Leading family members in the UK

From their humble beginnings as yeomen, many of the descendants of our early family members have achieved considerable prominence in UK society. This is the story of their development.

In Sir William Dugdale’s book, The Visitation of Yorkshire 1666, he refers to a letter dated 1626 issued by John Borough Miles, Norroy King of Arms of The Northern Parts beyond The Trent, in which the following arms are confirmed to Elias Micklethwait of York, son of John Micklethwait of Ingbirchworth, Yorkshire.  

The fact that the arms were confirmed rather than granted indicates that they had been in use by the family prior to 1626. The letter found that these arms belonged to ‘the old family of Micklethwayt’ and were so recorded amongst those ‘of illustrious people in these northern parts’.

Since then, many members of the family have achieved considerable success in their chosen careers. Following are some examples:

Sir John Micklethwait (1612–1682) 

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Educated at Queens College, Cambridge. He became President of The College of Physicians and was physician in ordinary to King Charles II. Reference to a monumental inscription to Sir John can be found at The British Library in A New View of London by Edward Hatton (p. 161). There is a large white marble monument in the middle of the south side wall at St Botolph’s Church, London.

John Thomas Micklethwait (1843–1906)

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Afforded the privilege of being buried in Westminster Abbey. The 1871 census shows John as an architect living in London; and his work can be found in many churches across the United Kingdom. In 1898 he was appointed surveyor to the Dean and Chapter, Westminster Abbey. In 1900, he was also made architect to St George’s Chapel, Windsor. His bust is located in the roof space at Westminster Abbey. The original Yorkshire Micklethwait Coat of Arms appears on his gravestone.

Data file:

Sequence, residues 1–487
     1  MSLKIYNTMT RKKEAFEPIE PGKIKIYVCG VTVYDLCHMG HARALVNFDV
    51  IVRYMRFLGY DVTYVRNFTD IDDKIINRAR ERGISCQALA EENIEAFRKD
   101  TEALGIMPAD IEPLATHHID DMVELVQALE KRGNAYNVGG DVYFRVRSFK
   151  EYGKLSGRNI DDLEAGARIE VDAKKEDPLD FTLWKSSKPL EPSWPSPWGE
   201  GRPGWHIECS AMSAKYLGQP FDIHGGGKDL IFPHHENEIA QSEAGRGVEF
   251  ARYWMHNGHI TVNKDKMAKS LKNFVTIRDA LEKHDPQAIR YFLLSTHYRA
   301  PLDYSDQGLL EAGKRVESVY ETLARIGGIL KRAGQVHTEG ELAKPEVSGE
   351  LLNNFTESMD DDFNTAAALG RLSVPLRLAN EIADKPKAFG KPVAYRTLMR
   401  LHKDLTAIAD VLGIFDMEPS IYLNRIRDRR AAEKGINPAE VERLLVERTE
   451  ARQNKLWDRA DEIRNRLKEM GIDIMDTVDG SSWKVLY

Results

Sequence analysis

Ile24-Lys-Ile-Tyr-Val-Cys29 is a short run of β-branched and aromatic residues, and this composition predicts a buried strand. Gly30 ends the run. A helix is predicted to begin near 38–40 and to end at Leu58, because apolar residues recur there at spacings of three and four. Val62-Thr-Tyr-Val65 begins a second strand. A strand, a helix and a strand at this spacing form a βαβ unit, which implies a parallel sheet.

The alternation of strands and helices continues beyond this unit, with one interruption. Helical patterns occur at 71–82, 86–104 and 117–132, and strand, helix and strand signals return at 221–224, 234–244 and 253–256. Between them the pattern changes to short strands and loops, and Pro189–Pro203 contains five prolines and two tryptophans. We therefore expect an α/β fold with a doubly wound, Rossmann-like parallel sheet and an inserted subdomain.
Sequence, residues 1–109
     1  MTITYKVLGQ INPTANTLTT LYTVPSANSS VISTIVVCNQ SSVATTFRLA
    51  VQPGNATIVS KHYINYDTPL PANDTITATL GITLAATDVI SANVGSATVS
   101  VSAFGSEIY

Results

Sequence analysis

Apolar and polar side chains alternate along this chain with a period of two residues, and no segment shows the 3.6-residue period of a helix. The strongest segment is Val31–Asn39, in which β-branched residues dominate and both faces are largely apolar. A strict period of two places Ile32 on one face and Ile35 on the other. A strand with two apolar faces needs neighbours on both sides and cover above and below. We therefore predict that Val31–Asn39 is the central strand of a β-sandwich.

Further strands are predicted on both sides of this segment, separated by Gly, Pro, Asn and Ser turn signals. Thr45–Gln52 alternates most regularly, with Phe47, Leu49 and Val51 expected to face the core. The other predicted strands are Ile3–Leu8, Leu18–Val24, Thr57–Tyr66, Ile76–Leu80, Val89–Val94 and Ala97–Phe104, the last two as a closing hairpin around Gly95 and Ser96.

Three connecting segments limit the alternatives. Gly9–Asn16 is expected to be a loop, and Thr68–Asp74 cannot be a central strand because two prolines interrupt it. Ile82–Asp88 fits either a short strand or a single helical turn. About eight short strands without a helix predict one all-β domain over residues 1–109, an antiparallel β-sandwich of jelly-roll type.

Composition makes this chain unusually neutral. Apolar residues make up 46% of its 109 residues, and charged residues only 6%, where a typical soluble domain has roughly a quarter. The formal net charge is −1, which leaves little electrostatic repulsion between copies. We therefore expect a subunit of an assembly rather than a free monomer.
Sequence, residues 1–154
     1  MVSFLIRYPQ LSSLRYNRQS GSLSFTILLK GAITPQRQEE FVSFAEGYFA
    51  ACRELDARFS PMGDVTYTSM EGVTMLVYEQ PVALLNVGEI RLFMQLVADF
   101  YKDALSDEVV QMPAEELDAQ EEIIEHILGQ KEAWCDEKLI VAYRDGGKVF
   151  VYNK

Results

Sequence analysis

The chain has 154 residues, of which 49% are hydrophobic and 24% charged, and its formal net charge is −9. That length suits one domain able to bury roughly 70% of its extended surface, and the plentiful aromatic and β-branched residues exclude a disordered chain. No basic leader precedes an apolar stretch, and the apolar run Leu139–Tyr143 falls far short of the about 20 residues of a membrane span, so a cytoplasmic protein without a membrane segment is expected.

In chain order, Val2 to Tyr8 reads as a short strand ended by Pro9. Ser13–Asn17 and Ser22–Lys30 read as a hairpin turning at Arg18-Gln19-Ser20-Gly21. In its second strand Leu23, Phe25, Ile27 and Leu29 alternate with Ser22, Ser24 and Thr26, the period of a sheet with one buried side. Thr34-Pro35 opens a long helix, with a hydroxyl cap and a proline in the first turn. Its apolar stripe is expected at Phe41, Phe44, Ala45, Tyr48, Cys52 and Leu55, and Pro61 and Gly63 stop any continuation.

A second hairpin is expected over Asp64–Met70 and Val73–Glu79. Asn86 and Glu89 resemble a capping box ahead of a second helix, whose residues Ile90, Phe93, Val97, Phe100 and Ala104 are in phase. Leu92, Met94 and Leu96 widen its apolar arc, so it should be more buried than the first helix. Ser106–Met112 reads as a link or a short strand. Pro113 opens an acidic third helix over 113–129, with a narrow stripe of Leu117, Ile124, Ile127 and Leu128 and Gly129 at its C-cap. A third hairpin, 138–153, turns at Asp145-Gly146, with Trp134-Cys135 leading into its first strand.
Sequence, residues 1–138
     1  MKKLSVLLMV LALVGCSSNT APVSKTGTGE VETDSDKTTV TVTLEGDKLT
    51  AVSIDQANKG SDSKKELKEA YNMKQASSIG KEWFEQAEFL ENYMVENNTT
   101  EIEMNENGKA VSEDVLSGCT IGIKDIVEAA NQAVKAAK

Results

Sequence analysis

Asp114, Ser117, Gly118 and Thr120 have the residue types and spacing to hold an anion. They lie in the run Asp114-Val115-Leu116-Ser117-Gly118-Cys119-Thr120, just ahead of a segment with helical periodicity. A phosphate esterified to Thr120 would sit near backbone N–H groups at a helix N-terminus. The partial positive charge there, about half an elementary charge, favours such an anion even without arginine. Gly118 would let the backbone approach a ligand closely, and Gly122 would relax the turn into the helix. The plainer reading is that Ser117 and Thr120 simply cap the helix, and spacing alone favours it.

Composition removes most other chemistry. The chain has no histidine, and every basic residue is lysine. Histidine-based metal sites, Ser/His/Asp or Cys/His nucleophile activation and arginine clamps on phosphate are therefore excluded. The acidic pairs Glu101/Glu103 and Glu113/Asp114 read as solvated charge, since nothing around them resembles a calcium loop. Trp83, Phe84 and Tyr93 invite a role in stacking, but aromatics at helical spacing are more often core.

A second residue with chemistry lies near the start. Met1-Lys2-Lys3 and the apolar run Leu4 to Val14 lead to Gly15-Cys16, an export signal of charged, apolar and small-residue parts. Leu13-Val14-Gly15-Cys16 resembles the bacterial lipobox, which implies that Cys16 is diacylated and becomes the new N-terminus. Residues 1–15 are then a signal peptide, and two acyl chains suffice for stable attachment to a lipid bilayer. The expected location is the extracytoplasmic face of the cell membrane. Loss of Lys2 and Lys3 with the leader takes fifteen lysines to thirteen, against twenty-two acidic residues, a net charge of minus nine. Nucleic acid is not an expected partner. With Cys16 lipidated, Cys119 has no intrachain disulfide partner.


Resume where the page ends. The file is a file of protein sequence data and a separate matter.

Major General Sir Llewellyn Atcherley (1871–1954)

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Married Eleanor Frances Micklethwait in 1897. Besides being entitled to wear the Victorian Order, he held the Queen’s medal (6 clasps), The King’s medal (2 clasps) and the Ashanti star. He served on the staff of Lord Kitchener at Pretoria and was twice mentioned in despatches during the South African campaign. He was appointed as Assistant Quartermaster – General of the regular forces. On passing into the reserve, he was appointed Chief Constable of Shropshire. After two years, he became Chief Constable of The West Riding from 1908 until 1919 and then H.M. Inspector of Constabulary for the north of England. He and his wife had twin sons, who both joined the RAF. One became an Air Vice Marshal and the other became an Air Marshal.

Rear Admiral St John Aldrich Micklethwait (1901–1977) 

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He served as a midshipman on H.M.S. Thunderer in World War I and served on Royal Navy Tribal Class destroyers during World War II. He was awarded three DSOs: the first in 1939, the second in 1940 at the 2nd Battle of Narvik, and his third in 1942 at the Battle of Sirte in the Mediterranean. John was captured at Tobruk in Libya in 1942. He remained a prisoner of war in Italy and Germany until 1945 and retired in 1954 as a Rear Admiral.

For a full list of our family’s leading members and their achievements, see the Leading family members over the centuries page. It includes not only Micklethwaits but also all those that married Micklethwaits.

Maybe the most interesting story is of one Rev. Thomas Micklethwait (1538–1592) and his descendants, which you can read in the article, The UK Southern Branch.